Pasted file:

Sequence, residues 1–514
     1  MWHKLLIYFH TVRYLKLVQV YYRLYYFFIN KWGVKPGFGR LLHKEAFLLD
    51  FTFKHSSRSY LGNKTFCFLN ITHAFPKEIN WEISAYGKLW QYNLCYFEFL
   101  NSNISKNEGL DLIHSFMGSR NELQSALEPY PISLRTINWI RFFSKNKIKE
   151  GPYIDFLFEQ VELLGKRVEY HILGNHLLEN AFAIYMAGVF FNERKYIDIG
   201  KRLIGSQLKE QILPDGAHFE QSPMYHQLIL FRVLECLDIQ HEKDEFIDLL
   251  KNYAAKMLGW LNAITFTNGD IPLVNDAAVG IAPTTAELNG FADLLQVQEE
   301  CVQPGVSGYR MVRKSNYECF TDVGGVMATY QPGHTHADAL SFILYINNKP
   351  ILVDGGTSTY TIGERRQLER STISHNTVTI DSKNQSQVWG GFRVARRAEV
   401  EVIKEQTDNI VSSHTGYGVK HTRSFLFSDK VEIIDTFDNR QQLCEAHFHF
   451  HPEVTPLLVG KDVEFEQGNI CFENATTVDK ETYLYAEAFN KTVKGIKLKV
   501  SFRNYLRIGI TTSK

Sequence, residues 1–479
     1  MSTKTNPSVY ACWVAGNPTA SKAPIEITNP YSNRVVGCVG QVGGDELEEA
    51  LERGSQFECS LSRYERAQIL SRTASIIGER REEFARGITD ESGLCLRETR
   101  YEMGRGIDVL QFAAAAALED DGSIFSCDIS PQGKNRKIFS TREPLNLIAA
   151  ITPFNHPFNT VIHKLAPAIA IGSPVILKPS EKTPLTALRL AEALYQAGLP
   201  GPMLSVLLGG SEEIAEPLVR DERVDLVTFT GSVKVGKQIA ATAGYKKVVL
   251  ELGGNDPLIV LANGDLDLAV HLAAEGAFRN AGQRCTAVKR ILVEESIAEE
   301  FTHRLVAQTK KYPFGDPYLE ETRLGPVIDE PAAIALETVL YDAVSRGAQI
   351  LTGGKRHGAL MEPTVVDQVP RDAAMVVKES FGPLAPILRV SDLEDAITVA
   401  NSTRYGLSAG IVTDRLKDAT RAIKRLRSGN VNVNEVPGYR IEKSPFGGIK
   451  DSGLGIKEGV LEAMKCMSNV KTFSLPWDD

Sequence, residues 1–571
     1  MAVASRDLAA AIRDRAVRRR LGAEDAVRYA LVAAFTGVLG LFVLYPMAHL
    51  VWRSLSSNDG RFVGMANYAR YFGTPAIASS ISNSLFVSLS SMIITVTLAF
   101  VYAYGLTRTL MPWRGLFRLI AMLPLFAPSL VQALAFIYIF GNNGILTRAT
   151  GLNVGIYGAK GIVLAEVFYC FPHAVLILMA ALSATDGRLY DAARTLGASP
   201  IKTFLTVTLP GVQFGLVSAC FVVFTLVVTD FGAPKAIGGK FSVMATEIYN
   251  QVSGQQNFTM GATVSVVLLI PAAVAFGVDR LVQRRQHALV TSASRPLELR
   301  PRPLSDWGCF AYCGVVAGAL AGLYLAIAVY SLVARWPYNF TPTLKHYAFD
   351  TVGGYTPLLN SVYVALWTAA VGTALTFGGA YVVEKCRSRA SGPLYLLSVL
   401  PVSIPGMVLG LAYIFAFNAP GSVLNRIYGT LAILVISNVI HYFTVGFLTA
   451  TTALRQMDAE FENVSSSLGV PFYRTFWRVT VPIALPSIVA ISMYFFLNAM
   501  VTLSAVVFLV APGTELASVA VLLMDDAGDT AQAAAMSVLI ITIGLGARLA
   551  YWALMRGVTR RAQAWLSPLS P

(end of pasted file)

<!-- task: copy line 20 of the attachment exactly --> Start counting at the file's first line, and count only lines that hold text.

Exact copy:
   301  FTHRLVAQTK KYPFGDPYLE ETRLGPVIDE PAAIALETVL YDAVSRGAQI